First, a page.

An increasing body of research is starting to confirm a long-suspected link between the health of your digestive tract and your skin.
Many people know that their acne/dermatitis/eczema/rosacea/whichever will flare up if they start to experience gut trouble. Bloating and indigestion? Better get the steroid cream ready!
This relationship is due to the fact that the health of the immune system is closely linked to the gastrointestinal tract. Many skin diseases show this link but we are only now beginning to discover how close this relationship is.
For example, rosacea sufferers suffer small intestine bacterial overgrowth (SIBO) at 10 times the rate of the healthy population (1) but appropriate treatment of this problem leads to clinical improvement in their skin condition. This is remarkable considering how stubborn rosacea can be and how resistant it is to conventional treatments. Another study found that over half of the participants with acne had dysbacteriosis (an imbalance of healthy and unhealthy gut bacteria) and that their condition improved markedly once this imbalance was corrected (2). Of course, convincing a teenager to change their diet can present its own challenges!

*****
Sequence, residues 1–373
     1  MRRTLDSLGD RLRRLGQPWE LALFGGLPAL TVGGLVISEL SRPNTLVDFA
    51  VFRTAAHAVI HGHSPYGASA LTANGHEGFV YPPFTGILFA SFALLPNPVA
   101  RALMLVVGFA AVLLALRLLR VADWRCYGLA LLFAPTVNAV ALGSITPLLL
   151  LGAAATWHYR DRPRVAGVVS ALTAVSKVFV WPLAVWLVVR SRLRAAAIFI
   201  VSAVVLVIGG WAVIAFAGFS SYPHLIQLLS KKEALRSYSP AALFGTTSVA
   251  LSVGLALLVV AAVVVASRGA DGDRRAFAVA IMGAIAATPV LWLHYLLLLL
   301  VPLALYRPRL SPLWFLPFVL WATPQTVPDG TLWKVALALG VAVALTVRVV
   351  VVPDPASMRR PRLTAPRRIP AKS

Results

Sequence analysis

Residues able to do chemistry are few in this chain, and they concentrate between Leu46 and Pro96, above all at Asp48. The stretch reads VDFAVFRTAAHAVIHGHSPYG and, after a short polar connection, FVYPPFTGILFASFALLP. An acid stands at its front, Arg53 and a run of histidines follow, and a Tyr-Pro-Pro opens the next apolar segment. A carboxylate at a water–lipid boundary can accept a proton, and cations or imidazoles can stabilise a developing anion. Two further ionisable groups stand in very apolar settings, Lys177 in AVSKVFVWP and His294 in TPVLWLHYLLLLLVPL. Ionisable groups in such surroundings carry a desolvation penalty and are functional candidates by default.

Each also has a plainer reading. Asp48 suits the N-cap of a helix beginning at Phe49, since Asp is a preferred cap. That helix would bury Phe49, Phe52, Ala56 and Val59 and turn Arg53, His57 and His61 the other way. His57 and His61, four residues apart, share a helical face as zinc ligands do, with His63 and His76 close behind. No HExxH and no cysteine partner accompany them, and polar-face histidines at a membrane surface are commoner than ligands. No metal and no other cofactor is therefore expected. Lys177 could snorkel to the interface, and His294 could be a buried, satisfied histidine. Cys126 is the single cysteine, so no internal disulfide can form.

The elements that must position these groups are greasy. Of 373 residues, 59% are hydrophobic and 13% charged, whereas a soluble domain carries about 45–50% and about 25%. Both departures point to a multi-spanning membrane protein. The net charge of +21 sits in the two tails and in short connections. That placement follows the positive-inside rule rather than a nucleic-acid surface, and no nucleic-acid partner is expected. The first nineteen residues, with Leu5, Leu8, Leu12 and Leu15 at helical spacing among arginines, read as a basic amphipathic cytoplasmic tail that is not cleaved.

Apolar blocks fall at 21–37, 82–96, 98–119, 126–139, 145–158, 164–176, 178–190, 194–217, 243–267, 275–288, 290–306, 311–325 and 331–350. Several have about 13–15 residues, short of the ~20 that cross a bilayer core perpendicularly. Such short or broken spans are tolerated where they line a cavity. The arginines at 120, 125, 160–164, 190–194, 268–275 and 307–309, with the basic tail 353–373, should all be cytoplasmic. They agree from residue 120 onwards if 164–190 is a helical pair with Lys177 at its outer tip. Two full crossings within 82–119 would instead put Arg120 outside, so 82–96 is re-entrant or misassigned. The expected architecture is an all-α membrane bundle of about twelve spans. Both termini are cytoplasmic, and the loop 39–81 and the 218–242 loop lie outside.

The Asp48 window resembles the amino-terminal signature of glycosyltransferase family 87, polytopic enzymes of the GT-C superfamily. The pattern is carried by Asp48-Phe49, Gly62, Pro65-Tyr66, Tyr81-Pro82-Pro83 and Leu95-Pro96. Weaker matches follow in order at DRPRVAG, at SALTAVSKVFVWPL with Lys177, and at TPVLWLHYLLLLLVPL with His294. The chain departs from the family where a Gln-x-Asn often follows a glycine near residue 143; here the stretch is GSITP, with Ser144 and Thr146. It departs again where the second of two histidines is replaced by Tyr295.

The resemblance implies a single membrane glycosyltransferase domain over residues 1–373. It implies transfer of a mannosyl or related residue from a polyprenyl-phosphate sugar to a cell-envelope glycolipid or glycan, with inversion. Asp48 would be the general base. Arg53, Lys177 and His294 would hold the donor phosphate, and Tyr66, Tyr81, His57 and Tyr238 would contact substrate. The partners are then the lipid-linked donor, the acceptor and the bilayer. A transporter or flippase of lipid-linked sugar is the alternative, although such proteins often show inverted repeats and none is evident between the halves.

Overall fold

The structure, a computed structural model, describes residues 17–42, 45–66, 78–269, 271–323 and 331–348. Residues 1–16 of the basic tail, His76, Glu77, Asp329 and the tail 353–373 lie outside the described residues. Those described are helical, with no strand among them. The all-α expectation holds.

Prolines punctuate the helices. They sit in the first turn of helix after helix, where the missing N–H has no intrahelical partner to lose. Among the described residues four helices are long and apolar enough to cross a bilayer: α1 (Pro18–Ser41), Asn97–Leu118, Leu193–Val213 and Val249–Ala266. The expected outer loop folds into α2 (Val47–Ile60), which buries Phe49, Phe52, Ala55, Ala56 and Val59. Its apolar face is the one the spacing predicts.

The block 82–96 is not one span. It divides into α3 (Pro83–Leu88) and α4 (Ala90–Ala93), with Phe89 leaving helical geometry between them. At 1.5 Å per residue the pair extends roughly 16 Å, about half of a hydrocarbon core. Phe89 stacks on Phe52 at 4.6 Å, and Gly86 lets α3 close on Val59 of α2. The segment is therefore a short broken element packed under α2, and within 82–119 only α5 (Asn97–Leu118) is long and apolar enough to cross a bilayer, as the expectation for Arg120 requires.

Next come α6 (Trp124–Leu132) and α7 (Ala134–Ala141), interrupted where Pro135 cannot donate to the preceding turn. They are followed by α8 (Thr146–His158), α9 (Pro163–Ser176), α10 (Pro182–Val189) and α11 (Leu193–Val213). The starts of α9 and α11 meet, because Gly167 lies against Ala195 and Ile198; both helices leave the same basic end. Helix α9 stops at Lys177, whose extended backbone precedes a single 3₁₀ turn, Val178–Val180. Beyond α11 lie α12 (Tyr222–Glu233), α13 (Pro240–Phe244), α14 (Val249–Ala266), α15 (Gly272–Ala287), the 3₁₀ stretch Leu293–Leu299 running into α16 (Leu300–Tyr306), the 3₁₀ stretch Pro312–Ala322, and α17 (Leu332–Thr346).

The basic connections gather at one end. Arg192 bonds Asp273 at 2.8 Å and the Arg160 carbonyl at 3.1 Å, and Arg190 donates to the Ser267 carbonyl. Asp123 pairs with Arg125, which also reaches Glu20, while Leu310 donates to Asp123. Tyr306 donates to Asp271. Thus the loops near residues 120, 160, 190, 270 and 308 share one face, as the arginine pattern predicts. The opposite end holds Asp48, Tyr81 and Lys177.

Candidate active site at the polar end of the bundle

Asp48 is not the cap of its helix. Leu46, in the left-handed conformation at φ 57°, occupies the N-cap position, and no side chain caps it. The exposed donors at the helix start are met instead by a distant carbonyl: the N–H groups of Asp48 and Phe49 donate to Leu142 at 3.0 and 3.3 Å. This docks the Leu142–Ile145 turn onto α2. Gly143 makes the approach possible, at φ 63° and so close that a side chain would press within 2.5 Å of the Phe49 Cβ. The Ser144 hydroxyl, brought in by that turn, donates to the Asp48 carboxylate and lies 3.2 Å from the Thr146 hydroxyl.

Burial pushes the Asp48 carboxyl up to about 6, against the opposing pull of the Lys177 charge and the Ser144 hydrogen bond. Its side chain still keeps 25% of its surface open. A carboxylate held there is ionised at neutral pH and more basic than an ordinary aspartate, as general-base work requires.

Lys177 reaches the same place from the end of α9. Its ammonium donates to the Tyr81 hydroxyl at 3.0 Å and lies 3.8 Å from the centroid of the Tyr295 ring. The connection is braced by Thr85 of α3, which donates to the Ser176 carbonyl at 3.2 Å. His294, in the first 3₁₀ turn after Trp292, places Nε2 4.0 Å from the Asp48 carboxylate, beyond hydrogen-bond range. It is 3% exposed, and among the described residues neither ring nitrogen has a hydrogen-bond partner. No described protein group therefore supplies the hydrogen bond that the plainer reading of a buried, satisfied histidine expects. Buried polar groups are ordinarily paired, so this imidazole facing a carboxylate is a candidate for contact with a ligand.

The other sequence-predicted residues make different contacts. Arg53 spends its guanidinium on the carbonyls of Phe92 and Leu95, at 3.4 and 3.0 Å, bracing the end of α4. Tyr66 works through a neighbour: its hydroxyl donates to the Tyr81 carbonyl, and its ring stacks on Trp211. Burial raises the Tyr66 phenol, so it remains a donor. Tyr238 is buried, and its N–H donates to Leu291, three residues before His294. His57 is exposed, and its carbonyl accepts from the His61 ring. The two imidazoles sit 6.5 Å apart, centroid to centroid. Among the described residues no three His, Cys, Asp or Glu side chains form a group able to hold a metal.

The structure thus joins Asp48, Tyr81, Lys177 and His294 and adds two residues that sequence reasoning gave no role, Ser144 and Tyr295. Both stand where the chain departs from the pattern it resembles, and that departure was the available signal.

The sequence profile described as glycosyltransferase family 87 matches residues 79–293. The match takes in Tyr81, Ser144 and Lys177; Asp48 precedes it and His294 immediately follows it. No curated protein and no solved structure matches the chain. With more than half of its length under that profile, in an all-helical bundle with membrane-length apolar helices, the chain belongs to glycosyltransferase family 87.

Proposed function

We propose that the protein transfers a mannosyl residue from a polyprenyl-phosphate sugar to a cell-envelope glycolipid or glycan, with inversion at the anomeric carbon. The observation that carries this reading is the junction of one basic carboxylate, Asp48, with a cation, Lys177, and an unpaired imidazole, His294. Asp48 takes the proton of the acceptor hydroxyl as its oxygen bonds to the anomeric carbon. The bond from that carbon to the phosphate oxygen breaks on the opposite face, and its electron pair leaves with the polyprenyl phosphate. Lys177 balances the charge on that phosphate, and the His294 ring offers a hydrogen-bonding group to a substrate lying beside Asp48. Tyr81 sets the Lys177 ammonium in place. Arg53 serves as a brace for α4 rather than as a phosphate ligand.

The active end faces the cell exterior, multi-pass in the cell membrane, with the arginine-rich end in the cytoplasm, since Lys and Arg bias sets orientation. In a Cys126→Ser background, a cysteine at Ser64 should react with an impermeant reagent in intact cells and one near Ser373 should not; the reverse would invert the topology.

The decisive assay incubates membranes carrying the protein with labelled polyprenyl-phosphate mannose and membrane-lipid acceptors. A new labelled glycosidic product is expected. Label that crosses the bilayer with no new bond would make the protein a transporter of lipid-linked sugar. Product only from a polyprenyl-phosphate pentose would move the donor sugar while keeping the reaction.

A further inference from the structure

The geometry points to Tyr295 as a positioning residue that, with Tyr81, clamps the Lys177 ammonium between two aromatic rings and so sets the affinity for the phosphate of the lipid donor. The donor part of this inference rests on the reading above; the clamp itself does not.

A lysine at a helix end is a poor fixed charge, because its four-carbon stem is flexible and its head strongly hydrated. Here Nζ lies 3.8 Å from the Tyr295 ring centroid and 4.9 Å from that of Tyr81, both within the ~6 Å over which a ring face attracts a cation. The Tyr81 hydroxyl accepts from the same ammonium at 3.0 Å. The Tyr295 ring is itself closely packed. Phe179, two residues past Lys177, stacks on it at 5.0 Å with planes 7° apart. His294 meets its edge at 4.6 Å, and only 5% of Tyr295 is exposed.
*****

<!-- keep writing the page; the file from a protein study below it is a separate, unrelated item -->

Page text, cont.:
A common treatment for gut disturbances and bacterial imbalances is the use of probiotics. Recent studies have shown that various strains of probiotics are beneficial in the prevention of juvenile eczema (3) and as a complementary therapy to antibiotics in acne treatment (4). As time progresses we will likely see further use of probiotics, prebiotics and dietary interventions being used more commonly by GPs and Dermatologists.
In the meantime, come in to Healthy Skin Solutions (or call us on 62956040), where we routinely use these treatments (as well as other effective methods) to ensure your skin is whole, healthy and beautiful!
1. Parodi, A et al., 2008, Small intestinal bacterial overgrowth in rosacea: clinical effectiveness of its eradication, Clin Gastroenterol Hepatol., 6(7):759-64
2. Volkova LA, Khalif IL and Kabanova IN, 2001,[Impact of the impaired intestinal microflora on the course of acne vulgaris](Article in Russian), Klin Med (Mosk)., 79(6):39-41
3. Baquerizo Nole KL, Yim E and Keri JE, 2014,Probiotics and prebiotics in dermatology, J Am Acad Dermatol., 71(4):814-21
4. Jung GW et al., 2013, Prospective, randomized, open-label trial comparing the safety, efficacy, and tolerability of an acne treatment regimen with and without a probiotic supplement and minocycline in subjects with mild to moderate acne, J Cutan Med Surg., 17(2):114-22
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